So, what should we do to preserve this culture and push the team further at the same time? We experienced reasonable business growing pains. We have gotten older. Some of us maybe feel worn out. Some are appalled by the new challenges. But we’ve got work to do.

This was the question that Dodo Pizza founder and CEO Fyodor Ovchinnikov brought up last Friday during a New Year’s celebration at our headquarters (as a retail company, we always celebrate later than the rest of the world—after all the fun is over).

And Fyodor introduced two possible solutions to the team.

Why work ethics work better than KPIs

Fyodor admitted that at first, he contemplated the idea of setting up some evaluation system to propel team motivation, but after a while ditched the idea entirely.

There is always a certain degree of uncertainty in business that makes it almost impossible to accurately calculate a person’s contribution. You can work your fingers to the bone and have no progress because of the nature of the task in question. And vice versa.

So instead of proposing any kind of KPI, Fyodor declared a cultural change: we all need to become much more uncompromising.

If we do want to build a globally successful company, we can’t allow ourselves to do sloppy work at any given moment.

Being uncompromising means being able to confront your colleagues and friends when you see that the team can do a better job—and to be just as demanding to yourself.

But how should we nurture this uncompromising culture? Fyodor believes that working in teams will help with that.

Wait, that makes no sense. Doesn’t everybody already work in teams?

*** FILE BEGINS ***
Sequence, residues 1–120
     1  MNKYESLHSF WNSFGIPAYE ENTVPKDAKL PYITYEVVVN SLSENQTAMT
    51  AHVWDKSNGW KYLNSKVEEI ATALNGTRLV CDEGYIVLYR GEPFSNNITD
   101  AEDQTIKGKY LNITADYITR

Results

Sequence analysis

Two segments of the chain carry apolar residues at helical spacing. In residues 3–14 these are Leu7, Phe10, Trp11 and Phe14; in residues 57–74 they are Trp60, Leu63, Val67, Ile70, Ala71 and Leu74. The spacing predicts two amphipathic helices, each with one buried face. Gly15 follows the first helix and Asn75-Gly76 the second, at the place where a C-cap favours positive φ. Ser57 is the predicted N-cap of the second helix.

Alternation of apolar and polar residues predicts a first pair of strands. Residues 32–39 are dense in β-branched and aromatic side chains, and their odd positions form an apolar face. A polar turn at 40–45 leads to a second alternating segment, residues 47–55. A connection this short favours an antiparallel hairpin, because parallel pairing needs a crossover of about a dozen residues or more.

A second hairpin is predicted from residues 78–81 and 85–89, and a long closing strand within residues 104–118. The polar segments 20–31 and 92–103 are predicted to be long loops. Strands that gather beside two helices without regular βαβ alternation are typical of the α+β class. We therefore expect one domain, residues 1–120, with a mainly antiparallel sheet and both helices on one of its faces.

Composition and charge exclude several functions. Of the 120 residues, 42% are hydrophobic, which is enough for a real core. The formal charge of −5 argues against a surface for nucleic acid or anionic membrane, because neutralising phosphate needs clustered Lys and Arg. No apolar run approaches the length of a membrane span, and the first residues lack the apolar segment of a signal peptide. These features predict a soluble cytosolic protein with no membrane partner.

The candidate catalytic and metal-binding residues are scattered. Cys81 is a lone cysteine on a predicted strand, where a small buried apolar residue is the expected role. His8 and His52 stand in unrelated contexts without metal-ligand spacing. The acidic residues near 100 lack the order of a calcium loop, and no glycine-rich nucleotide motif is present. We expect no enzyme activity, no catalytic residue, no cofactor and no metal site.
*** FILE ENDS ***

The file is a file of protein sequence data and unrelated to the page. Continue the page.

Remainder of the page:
Of course, we have teams at Dodo. But in many cases, their members work independently—as a bunch of individuals who belong to the same field of knowledge.

An SMM manager can sit next to a digital manager and they can both belong to the marketing team and even go to some meetings together, but they can still operate pretty much independently.

We need to arrange our work in a new way and make the members of our teams more connected and dependent on each other.

That way, each one of us will feel the pressure of keeping up with the others, which will spur everybody to always stay on top of their game.

For this to work, people will have to be less narrowly focused. They can’t do just one thing that nobody else at the company does.

We will lose some pace in the short term, no question, but if we see these politics through, it will pay off strategically.

Taking away business growing pains

You have reason to think that the solution for our team motivation is a bit vague at the moment. But this is a framework we will follow to transform the way Dodo Pizza works.

  1. Nurture uncompromising culture. Declare it. Repeat it on every corner.
  2. Make sure that nobody works on their own.
  3. Put together teams in which members are highly interconnected in accomplishing their day-to-day tasks.

We’ll see how this will work out in reality and keep you posted.

Dodo Pizza’s ultimate goal is to build an enterprise that is half a retail chain, half an IT company, and it looks like nobody knows for sure how to manage such a business in the new digital era.

Let’s figure it out.